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Keeping Them in College
"East Carolina University's efforts to improve retention and graduation rates

  In This Issue

(Photo by Jana Birchum, Black Star, for CrossTalk)

Lindsay Greer, a University of Texas at Austin freshman who benefited from the state's policy of admitting all applicants ranking in the academic top ten percent at any state high school, thinks the policy is unfair to many students.
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Keeping Them in College
East Carolina University's efforts to improve retention and graduation rates

The "Seamless System"
Florida's flurry of dramatic changes in the governance of public education

The Ten-Percent Solution
Texas' enrollment strategy remains contentious, as the state becomes increasingly multi-cultural

Devastation Brings Sweeping Changes
Opportunity, and opportunism, in the wake of Hurricane Katrina

News From The Center
  –New Center Associates

Our National Underperformance
Is American higher education still the best in the world?

Washington, D.C. symposium marks the release of Measuring Up 2006

Reactions to the Spellings Commission Report

By Don Campbell
Greenville, North Carolina

Nearly a thousand incoming freshmen and anxious parents are crammed into East Carolina University's Wright Auditorium on a steamy hot morning in late June.

Don Joyner, ECU's associate vice chancellor for admissions and advising, is pacing from one end of the stage to the other, microphone in hand, doing a dead-on imitation of a fire-and-brimstone television minister exhorting the faithful in a high-pitched twang.

He's deep into a well-practiced recitation of what it takes to succeed in college—get involved in campus activities, use the library, learn some basic study skills, have realistic expectations—beginning with commandment number one: "Go to class."

East Carolina University tries to involve new students like track and field athlete Valeria Moore in as many non-classroom activities as possible in their first few weeks on campus.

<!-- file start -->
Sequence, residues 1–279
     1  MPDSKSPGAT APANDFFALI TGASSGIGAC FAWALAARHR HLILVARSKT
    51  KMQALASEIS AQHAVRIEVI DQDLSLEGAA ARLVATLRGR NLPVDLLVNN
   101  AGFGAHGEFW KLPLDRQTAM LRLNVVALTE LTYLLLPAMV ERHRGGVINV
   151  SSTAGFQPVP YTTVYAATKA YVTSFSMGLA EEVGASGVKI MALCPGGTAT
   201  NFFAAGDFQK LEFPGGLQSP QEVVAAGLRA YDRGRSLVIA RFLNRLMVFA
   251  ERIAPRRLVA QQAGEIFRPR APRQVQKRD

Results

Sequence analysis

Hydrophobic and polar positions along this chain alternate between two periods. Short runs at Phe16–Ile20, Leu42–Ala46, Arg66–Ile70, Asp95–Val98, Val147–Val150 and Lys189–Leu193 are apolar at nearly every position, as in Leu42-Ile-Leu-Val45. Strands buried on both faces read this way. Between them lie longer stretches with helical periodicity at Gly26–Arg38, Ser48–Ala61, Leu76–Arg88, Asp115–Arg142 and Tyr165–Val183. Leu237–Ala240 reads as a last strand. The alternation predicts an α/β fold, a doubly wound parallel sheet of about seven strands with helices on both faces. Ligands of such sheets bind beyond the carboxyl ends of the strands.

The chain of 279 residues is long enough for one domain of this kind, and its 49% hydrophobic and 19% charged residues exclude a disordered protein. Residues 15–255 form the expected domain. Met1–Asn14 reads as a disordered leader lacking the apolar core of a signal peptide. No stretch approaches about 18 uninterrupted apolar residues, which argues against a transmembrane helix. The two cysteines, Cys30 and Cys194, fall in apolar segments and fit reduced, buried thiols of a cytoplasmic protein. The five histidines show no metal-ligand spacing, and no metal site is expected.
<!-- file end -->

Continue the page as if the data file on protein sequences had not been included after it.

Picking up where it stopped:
(Photo by Tom Cogill for CrossTalk)

"Let me tell you what's going to happen to some of you," Joyner shouts. "You're going to break up with your boyfriend or your girlfriend, and all of a sudden, you think your life is over! Well let me tell you something else: You've got to get over your depression! You can't use that as an excuse... because this place can be unforgiving!"

Wide-eyed parents and students are cackling one moment and nodding their heads solemnly the next, mesmerized by a popular and locally famous ritual that Joyner performs in orientation sessions seven times each summer. His tough-love message for new students is just one weapon in an innovative arsenal that East Carolina uses to keep them in college and get them through graduation.

Retention and graduation are two of the hottest topics in higher education these days, as governing boards, accrediting agencies, and state and federal lawmakers demand more accountability and bang for the buck from college administrators. College dropout rates are not declining noticeably—and are rising in some cases—despite a wide array of programs aimed at keeping students enrolled. (continue)


The "Seamless System"
Florida's flurry of dramatic changes in the governance of public education

By Jon Marcus

Beyond the freshly planted, carefully manicured landscaping fringing the new roads, there's not much to betray what is planned for the area of Central Florida called Lake Nona. Only a few bored-looking cattle graze past the lonely new strip malls that are the unmistakable early warning signs of looming development in this state.

What is about to happen here is symbolic both of the remarkable growth of higher education in Florida and the dramatic way the public universities are governed after two revolutionary changes in just five years. Those changes served to decentralize a system that was once tightly centrally controlled (just as has been happening in other states), and then to rein it in again. Through it all, politics in this politically obsessed state became even more of a factor in what happens at each campus.

John Hitt presides over 45,000-student Central Florida University, one of the nation's largest.
(Photo by Todd Anderson, Black Star, for CrossTalk)

In January, VIPs will come from all over Florida to Lake Nona to mark the groundbreaking for a biosciences building that will be the first component of a new medical school and the 13th satellite campus for the University of Central Florida, a school that did not exist until 1968 and is now (along with two other Florida universities) one of the ten largest in the United States, with more than 45,000 students. "The biggest university you never heard of," people in Orlando like to joke. Students call it "UCF—Under Construction Forever." (continue)


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